Quoting what the cops reportedly said from the above-linked story:

"...this is a lesson to be learned for people who have guns out there: to
keep their guns away from kids, locked up, separate from the bullets.
That's the lesson they want to get out tonight."

No, no, ruttin' NO! This completely terrible advice from the "authorities", the worst advice they could possibly give, is the equivalent of never letting your kids see or experience water, because they could drown. Never teaching them to swim, but telling them to never go near water, no matter where they find it. And then being "surprised" when the perfectly predictable happens and a child drowns because they were kept ignorant and water was mystified instead of being explained in a truthful, educational, and fun way. The stupidity of this tactic infuriates me. It results in completely preventable deaths of innocent children. You know what that makes advice like this, don't you?

If you want to make certain your children are safe around your guns, or other people's guns, you must familiarize them with guns. Do not make the guns into mysterious, forbidden objects. That only guarantees your children will try to sneak a peek at the guns when you aren't looking; when you can't be supervising and instructing. Teach them developmentally-appropriate lessons about anything that can hurt them.

With guns, that means to let them see you handling your guns safely, and talk to them about why you handle the guns the way you do. If they wish to hold your gun, have them watch as you check and double-check to make certain it is unloaded, teach them to check for themselves, and then make sure they still handle the gun as if it were loaded. No pointing the muzzle at the gun at anything they are not willing to destroy. Take them out shooting and let them see the destructive power of a gun, yet let them understand that the gun does not have a mind of its own and it is under the handler's control, for good or bad. Counteract all the false information they will receive from "news", entertainment, and "law enforcement".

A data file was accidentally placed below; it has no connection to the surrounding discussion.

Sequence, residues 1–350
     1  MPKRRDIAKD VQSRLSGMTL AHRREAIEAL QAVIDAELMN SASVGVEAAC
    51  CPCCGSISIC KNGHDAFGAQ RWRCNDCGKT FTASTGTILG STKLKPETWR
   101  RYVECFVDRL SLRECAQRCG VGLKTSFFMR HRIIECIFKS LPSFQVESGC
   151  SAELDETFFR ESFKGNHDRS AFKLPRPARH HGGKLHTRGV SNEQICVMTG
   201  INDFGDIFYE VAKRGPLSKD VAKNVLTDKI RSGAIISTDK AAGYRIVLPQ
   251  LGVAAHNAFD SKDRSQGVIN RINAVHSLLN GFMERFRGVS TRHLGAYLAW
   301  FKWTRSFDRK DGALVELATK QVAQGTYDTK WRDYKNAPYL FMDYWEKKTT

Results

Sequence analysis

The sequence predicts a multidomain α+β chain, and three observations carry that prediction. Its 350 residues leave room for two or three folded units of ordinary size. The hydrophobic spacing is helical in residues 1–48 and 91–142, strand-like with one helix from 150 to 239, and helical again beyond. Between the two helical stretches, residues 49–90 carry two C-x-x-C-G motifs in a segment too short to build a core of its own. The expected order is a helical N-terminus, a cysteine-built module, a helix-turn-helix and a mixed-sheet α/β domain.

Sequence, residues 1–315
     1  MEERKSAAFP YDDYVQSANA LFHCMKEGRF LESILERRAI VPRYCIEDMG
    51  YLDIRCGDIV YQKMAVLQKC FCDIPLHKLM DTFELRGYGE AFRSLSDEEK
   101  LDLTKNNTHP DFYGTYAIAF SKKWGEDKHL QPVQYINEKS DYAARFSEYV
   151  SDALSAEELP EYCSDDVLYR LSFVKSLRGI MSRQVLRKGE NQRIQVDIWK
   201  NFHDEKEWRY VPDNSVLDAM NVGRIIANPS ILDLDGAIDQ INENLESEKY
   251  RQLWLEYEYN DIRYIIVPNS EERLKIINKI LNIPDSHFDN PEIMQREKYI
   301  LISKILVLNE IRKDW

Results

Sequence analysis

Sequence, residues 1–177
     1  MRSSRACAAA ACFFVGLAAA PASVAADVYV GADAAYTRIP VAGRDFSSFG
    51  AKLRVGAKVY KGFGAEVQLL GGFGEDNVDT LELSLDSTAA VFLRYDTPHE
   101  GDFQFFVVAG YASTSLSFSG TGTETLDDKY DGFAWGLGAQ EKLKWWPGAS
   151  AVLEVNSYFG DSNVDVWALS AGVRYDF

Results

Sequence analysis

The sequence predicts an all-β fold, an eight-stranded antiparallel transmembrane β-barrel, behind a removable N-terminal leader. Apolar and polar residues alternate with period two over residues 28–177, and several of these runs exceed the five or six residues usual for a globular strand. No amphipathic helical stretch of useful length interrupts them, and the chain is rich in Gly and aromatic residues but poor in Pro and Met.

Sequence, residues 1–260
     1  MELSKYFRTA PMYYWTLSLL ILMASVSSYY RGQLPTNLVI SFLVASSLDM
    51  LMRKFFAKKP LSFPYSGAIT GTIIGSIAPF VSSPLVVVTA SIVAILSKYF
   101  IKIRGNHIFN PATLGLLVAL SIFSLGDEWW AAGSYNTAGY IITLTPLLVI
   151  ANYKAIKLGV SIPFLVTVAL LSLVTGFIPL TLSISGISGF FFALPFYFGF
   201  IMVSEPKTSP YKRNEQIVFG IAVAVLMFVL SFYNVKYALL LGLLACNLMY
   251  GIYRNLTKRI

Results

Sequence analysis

The perverted monsters who advocate "gun control" always snivel "...if it saves one life...". Well, this will save a lot more than one life. Guaranteed. If it is done. Now.

I don't know how this family raised and trained their children, so I don't mean this as an accusation of any sort against them. Sometimes, no matter what you do, tragedies will still happen. That is a fact of life in this Universe that will never change. I am glad that the grieving parents won't face a kidnapping or the threat of other punishment from the "law" since that is the "legal" equivalent of kicking a person when he is down, but I can't help but wonder if the family received "special consideration" due to the father's status as a federal Only One.

Tuesday, April 20, 2010